USDA Supply Demand recap
Apr 09, 2014
April Supply/Demand Updates
The reports issued this morning were positive for corn and beans and a little negative for wheat but in all cases, were within the range of estimates.
The only change that the USDA elected to make for domestic corn was to boost exports a full 125 million bushels to 1.75 billion. This was cut directly from the ending stocks which now stand at 1.331 billion and compares with the average trade estimate of 1.403. If correct, this will be the largest export number for corn since the 2010/2011-crop year.
World corn stocks were cut just .47 MMT to 158 MMT which reflects the higher usage but also an increase in Brazilian production of 2 MMT to 72 MMT and 1 MMT in South Africa for a crop of 14 MMT. Argentine production was left unchanged at 24 MMT. The trade was looking for a cut to 157.72 MMT.
The largest number of adjustments not surprisingly came in beans. Exports were increased 50 million bushels to a record 1.580 billion bushels and seed was increased 8 million bushels to reflect increased acreage. To counter balance this residual usage was cut 12 million bushels, taking it to zero and imports were raised 30 million to a record 65 million. The net result is that ending stock were sliced down to 135 million bushels, which is basically the same number we contended with for much of the year last year. The average trade estimate was 139 million.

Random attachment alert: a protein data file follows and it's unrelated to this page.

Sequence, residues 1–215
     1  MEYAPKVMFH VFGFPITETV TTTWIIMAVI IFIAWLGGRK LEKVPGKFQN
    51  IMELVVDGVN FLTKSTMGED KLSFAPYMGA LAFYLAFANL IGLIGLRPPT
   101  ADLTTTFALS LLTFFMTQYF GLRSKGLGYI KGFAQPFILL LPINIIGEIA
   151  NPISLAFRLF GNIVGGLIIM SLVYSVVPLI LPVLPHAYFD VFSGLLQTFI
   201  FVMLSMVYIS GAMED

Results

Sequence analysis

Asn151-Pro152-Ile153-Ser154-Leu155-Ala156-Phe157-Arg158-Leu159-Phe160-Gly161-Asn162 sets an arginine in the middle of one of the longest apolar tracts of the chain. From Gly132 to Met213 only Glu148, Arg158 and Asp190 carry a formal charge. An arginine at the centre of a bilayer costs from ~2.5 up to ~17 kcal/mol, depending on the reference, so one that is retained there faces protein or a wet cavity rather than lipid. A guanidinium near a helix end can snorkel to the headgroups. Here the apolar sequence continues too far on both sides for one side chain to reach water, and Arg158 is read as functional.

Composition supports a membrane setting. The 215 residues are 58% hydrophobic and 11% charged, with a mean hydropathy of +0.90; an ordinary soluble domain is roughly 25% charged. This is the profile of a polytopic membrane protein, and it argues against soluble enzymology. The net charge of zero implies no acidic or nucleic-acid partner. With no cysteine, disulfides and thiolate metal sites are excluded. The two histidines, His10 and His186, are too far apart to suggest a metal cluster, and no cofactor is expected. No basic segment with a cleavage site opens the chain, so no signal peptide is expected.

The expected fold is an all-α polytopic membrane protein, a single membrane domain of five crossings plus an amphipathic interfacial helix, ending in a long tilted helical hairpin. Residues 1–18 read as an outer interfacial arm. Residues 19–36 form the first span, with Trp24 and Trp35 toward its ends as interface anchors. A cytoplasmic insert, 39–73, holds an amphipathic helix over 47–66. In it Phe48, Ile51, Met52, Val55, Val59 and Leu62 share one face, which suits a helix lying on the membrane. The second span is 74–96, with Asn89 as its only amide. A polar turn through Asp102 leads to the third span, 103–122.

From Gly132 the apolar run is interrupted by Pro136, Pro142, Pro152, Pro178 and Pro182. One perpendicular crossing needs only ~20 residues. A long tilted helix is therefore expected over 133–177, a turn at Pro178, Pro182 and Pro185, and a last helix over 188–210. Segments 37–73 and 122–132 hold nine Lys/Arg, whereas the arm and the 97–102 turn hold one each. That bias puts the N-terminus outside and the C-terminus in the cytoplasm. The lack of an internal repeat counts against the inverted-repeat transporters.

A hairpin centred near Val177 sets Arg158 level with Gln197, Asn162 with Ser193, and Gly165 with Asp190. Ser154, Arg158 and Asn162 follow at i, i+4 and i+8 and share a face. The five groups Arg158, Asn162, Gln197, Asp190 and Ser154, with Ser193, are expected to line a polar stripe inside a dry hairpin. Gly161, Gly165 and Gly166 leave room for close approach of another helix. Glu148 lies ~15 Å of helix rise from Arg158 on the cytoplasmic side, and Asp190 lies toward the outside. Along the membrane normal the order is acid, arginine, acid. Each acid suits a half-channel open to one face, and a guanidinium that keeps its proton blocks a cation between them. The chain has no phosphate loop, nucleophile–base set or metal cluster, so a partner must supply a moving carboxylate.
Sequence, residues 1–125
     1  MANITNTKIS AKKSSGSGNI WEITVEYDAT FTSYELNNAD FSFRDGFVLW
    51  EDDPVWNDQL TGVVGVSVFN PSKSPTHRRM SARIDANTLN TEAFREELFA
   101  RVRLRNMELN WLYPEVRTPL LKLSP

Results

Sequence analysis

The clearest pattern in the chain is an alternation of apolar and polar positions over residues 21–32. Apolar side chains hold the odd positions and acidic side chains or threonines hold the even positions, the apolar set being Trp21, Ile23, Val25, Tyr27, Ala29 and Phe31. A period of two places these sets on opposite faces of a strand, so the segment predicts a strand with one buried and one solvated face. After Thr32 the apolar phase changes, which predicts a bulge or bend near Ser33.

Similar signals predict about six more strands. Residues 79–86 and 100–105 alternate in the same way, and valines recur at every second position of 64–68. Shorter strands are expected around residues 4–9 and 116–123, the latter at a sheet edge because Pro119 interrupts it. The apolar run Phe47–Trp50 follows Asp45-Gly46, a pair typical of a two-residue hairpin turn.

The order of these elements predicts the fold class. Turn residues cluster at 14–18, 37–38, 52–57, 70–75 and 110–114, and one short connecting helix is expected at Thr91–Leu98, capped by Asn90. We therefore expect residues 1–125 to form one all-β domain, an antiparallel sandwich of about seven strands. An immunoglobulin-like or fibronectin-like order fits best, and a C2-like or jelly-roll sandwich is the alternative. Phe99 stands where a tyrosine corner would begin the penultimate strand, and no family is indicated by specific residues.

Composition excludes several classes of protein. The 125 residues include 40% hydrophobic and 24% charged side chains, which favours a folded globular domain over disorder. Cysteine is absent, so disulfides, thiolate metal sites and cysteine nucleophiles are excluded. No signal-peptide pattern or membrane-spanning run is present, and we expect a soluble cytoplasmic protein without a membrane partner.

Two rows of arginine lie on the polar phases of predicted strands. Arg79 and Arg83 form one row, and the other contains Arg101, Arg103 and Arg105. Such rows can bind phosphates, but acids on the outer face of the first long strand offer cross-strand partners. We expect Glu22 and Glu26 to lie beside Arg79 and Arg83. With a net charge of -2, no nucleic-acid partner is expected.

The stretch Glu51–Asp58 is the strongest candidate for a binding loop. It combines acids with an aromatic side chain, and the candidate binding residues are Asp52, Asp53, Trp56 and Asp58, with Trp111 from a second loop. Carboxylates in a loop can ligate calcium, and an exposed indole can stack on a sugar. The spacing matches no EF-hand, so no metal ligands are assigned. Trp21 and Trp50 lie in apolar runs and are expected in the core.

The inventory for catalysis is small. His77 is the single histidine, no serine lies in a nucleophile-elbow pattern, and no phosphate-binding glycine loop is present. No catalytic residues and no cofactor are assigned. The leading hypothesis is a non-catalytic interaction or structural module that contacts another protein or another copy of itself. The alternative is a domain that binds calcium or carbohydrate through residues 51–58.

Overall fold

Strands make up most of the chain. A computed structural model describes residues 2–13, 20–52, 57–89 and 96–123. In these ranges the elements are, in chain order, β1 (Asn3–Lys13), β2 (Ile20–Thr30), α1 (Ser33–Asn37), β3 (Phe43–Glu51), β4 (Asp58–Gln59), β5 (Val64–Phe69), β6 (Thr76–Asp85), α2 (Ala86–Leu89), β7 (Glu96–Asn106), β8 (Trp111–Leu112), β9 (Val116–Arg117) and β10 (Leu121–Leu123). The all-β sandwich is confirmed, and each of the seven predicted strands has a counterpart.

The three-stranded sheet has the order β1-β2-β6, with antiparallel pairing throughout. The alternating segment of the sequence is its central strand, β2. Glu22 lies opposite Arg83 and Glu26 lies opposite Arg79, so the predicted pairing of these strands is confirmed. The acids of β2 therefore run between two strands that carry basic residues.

Argentine bean production was left unchanged at 54 MMT and Brazil cut 1 MMT to 87.50, which takes the world ending stocks down 1.22 MMT to 69.42 MMT. The average trade estimate was 70.14 MMT. Keep in perspective that is still an increase of 11.55 MMT over last year.
Truly, there were no surprises in the domestic wheat numbers. Imports were cut 5 million bushels, feed usage sliced 30 million for a net increase in ending stocks of 25 million to 583 million, which is right on the average trade estimate.
World ending stocks were boosted 2.87 MMT to 186.68 MMT, which is a bit negative as the average estimate was 183.65.
I believe the report does fits in well with an expected high in corn and beans between now and the first week of May.